BDN articles about solitary confinement at the Maine State Prison and the young man from Brooks who changed his troubled ways by finding an interest in volunteering could have a valuable connection. As I viewed the Frontline PBS video on solitary confinement recently, I was wondering who in the world could think that putting inmates in solitary for long periods of time, with absolutely nothing to do, would have any positive results at all?
What is the point of having nothing to do? Very few are going to independently be big readers or writers. Give these guys something to occupy their minds with, such as iPads or video games; or how about some art supplies? One can vent a lot of pent-up stuff by coloring, painting or working with clay. It is time to step into the 21st century, cease these draconian methods of imprisonment and begin some real attempts at rehabilitation.
Of course they act out — because, as one inmate said, “You’ve got to do something!” What if their “punishment” were having to research, plan and plant a garden and then work in it? Or reupholster a chair or raise a puppy? There is nothing to live for in an empty room that looks out on nothing. In this day, prisons should be schools, shops and farms.
For an example of a Maine prison that has many ongoing programs that give the inmates positive things to do, and skills to develop that will facilitate their successful return to society, check out the Downeast Correctional Facility in Bucks Harbor.
A big “hats off” to Bangor police for their participation in and support of the Color Bangor event held last weekend on the Bangor Waterfront. They have further proven their collaboration and support of community through building relationships with the “average Joe and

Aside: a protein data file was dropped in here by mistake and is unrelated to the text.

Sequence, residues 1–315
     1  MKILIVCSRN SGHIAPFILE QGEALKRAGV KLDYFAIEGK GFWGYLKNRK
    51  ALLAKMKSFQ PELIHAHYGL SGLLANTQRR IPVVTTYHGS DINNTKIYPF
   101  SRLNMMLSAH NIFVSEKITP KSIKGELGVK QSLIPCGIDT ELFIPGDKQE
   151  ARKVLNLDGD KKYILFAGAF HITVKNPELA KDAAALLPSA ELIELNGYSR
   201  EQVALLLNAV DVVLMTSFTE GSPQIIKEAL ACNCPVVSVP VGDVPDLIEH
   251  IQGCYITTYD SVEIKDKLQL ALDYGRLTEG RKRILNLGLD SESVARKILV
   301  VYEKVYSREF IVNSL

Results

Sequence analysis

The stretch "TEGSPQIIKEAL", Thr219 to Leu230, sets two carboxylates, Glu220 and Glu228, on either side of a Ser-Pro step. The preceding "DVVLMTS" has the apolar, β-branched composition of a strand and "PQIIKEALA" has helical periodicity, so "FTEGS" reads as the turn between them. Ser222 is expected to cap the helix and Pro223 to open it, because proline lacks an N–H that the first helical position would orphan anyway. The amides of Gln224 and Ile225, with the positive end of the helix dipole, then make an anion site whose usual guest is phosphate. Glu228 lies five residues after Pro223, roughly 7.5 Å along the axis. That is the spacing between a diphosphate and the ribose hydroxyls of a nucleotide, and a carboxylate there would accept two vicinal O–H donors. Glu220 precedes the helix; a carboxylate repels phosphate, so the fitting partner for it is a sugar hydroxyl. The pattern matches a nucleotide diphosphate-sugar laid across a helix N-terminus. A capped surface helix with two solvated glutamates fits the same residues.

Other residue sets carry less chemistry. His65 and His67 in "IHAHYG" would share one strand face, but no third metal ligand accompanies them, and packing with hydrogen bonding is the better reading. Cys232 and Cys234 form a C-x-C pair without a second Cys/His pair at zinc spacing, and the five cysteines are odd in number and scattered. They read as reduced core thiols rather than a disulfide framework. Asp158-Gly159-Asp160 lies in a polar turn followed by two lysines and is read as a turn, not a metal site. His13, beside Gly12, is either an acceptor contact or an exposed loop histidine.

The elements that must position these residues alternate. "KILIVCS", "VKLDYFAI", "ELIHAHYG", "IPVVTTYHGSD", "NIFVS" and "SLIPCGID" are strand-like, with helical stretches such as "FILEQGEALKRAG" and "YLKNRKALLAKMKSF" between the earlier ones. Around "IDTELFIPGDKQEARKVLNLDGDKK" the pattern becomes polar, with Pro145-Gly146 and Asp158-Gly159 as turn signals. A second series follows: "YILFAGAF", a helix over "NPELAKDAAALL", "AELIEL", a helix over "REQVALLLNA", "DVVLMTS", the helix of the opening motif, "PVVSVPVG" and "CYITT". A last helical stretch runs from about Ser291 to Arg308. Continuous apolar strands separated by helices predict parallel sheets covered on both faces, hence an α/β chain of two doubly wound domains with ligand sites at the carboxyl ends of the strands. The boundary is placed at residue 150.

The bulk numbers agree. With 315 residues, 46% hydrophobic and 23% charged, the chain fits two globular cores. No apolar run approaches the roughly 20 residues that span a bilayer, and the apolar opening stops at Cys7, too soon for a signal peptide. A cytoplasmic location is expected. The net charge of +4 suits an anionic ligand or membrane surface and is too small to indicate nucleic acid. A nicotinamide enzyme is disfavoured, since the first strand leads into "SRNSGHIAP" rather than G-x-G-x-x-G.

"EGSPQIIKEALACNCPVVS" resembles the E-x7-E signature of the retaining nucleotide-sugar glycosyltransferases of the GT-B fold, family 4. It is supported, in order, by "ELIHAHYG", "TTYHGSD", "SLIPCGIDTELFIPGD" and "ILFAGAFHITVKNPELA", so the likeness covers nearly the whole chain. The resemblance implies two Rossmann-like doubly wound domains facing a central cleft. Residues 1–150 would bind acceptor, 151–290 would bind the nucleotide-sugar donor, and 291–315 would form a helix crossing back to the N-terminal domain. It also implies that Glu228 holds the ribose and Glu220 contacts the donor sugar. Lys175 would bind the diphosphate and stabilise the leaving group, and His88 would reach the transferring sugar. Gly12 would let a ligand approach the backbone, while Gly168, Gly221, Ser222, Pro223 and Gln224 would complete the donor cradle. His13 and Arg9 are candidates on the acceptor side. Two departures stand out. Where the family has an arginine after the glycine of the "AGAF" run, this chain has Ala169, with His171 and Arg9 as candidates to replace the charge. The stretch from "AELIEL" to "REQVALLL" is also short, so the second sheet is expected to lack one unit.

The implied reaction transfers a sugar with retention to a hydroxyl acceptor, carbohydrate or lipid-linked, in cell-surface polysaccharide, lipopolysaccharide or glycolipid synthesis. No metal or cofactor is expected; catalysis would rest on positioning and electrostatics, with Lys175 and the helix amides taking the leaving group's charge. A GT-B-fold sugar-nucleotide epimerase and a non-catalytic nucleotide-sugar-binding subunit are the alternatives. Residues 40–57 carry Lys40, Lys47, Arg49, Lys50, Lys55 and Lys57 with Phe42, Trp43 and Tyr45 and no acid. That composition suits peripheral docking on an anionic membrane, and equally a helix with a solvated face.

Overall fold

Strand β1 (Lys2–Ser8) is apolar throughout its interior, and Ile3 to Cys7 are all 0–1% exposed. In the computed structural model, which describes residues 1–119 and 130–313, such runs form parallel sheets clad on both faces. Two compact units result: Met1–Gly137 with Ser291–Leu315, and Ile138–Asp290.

So often when we think of law enforcement we see police as the people on TV talking about the “bad guys” or pulling us over because of an expired inspection sticker. In both cases, it is not necessarily the feeling of an officer who is caring and concerned about making our
communities a better place. Bangor PD made a lot of new friends and
reinforced old relationships at Color Bangor.
Where police are so often removed from casual and friendly exchanges because of centralized dispatches and vehicles decked out like offices, police officers often seem untouchable. This participation went a long way in community building.
The good life
Thanks to the Bangor Daily News for the enlightening Good Life series. Many who sought the Good Life in Maine also sought larger changes even as they created their own alternatives. These changes were not limited to organic farming or simple living: Many (including Helen and Scott Nearing) also sought the Good Life for the state, the nation and the planet.
Many of these seekers continue to advocate and work for domestic, national and global peaceful alternatives to conflicts. They continue to develop sustainable energy and democratic economic alternatives. They urge reordering national priorities to serve the needs of our communities rather than a bloated military, the wealthy and corporations.